Self-serve is highly efficient. The limitation is that it's product-only, with no involvement from sales teams. It’s up to the customer to choose a higher service tier. B2B SaaS products have an untapped potential to accelerate sales for larger opportunities through a predictable outbound SaaS sales process.

Enterprise sales process: The biggest deals

While self-serve is simple and fully automated, enterprise selling is complex and high touch. It works top-down by convincing executive buyers of the product’s value. End users play little role in enterprise sales.

Enterprise SaaS sales model

Sales takes the lead in the enterprise model. Business development and account executives foster relationships within a prospective customer's organization. Ultimately, they want contact with the executive buyers who manage sizable teams and budgets. Through demos, negotiations, and due diligence, the account executive convinces the buyer that the product can transform the organization.

Marketing plays a supporting role in enterprise sales processes. Branding and awareness campaigns, market research, and other activities feed the sales funnel. Product roadmaps, social proof, and other sales tools help the sales team close the deals.

Complex enterprise SaaS products require dedicated support resources at every level, from executive buyers to the customer’s end-users.

Benefits and challenges of enterprise selling

Getting from prospects and leads to contracts and deployments takes time — months or years. Only at the end of this process do the customer’s employees actually use the product.

Both the sales team and buyer want this full-service approach because of the large deal size and enterprise product capabilities. The sales team must establish trust, explain a highly complex product, and tailor the deal. The buyer gets custom contracts, price negotiation, and a point of contact when problems occur.

That said, traditional enterprise selling has become less popular in recent years. Although executive buy-in is still needed for large deals, the drawn-out sales process and lack of initial adoption from end users is a big hurdle to closing deals. Today's buyers require a shorter, more agile SaaS sales cycle.

Hybrid SaaS sales models: The best of both

You might've noticed a bit of tug-of-war between the self-serve and enterprise sales models. How do you balance self-serve's scalable deal volume with enterprise selling’s profitable deal size? Do you have to pick between fully automated versus full-service?

Not at all! That's where the hybrid model, also known as the Product-Led Sales motion, comes in. Product-Led Sales marries bottom-up and top-down sales processes. Reps can turn free signups into paid users, or assist a team of active users into an enterprise tier.

Hybrid sales model

The first step is to separate prospective customers from the thousands of free users. Fortunately, the way customers use your product says a lot about their intent. Analytics and machine learning software spot these behaviors and flag high-intent Product-Qualified Leads (PQLs).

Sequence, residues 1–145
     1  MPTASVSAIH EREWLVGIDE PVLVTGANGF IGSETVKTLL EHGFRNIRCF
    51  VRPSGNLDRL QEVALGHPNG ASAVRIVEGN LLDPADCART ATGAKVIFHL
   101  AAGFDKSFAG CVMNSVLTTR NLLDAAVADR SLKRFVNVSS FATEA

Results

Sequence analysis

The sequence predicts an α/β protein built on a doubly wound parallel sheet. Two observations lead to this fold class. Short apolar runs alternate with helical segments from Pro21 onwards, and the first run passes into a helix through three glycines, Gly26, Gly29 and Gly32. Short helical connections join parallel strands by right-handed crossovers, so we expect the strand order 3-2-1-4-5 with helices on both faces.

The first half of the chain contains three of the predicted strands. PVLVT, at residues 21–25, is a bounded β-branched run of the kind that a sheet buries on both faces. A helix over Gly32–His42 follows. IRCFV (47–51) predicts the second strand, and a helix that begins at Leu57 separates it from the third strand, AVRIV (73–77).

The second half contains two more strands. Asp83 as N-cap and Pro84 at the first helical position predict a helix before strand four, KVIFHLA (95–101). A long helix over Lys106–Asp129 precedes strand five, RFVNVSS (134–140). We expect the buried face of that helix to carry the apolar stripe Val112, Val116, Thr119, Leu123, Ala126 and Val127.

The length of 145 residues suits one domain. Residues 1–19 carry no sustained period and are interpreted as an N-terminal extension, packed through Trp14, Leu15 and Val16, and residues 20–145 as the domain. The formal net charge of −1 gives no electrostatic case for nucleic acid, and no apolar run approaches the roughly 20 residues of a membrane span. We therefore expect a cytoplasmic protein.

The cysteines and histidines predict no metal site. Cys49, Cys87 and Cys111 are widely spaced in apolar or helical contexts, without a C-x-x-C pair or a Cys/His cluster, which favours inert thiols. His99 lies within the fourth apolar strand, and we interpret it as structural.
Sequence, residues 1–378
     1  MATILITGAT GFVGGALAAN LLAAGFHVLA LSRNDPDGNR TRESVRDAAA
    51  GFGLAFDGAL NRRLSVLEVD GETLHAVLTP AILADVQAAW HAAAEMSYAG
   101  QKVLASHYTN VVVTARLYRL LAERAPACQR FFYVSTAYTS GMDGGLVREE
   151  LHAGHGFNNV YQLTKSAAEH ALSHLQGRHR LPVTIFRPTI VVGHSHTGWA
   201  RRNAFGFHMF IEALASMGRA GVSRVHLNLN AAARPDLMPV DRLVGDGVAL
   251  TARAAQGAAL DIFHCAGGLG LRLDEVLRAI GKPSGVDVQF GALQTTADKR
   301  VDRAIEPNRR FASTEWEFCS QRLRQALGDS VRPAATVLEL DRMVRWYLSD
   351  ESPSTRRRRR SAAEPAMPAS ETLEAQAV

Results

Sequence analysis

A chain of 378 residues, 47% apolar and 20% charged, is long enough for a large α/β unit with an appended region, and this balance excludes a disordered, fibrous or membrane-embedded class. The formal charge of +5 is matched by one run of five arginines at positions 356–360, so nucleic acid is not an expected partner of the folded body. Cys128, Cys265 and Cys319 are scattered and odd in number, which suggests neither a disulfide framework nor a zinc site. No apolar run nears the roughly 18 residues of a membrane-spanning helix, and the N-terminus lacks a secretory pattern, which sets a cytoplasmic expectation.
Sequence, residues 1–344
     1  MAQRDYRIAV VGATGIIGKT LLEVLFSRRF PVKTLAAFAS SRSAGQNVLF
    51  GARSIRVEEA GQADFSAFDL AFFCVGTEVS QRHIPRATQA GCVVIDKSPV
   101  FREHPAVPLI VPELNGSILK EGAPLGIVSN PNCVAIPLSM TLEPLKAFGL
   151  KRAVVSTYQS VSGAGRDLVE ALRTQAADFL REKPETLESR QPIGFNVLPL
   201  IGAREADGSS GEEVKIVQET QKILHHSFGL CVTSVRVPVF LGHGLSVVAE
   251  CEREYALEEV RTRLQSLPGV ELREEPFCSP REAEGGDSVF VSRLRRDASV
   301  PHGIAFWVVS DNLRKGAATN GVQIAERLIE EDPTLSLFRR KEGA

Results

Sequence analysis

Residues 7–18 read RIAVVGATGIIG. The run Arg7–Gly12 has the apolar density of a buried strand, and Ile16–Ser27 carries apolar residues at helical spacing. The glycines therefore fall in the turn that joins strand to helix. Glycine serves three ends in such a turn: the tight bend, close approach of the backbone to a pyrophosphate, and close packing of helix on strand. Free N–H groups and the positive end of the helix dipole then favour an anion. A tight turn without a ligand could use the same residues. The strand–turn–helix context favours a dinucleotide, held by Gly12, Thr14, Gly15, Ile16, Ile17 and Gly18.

From there, you have a choice. Marketing-led programs make the most sense in early stages, such as moving free users to low-cost paid tiers. Automated marketing campaigns can reinforce the value PQLs are getting from your product, introduce features the PQLs haven’t used yet, and encourage them to make the next move.

When you want to move a team of active users — or an entire company — onto an enterprise tier, it’s time to bring in the SaaS sales reps. A hybrid SaaS sales process gives the team a head start towards establishing trust because there are already product champions within its organization that can help upsell internally. Reps can then present to executive buyers concrete use cases based on the value your product already provides the company. 

Benefits and challenges of hybrid sales models

Modern SaaS companies like Slack, Zapier, and Notion started out product-led and evolved into a hybrid SaaS sales model. It is a highly strategic GTM motion to choose. Of course, you can still keep a pure self-serve or pure enterprise motion alongside the hybrid model.

Most SaaS products today are user-friendly enough to leverage product-led acquisition—AND valuable enough for sales to speak with buyers at the right time to unlock additional revenue. A Product-Led Sales model combines effective automation with top-notch service. Your customers buy in the way they prefer, and your sales achieve non-linear growth.

There are purpose-built solutions for each SaaS sales process. Traditional CRMs are perfect for enterprise sales models. They track each prospect’s engagement with sales reps to manage the SaaS sales cycle. For tracking feature use and points of friction transactional self-serve sales processes, product analytics are perfect.

Yet hybrid tooling that combines sales and product data is still quite new. As Sapphire Ventures noted:

To date, in a hybrid PLG model, there has been a disconnect between the ‘Product-Led' and ‘Rep-Assist' sides of the equation. The product usage data required to bridge the gap has long been available, but a dedicated tool to serve this data to GTM teams has been lacking.

Product-Led Sales has proven so compelling that many companies spend months building an internal tool. Now, what if going hybrid was as easy as the other two models? With Calixa, it is.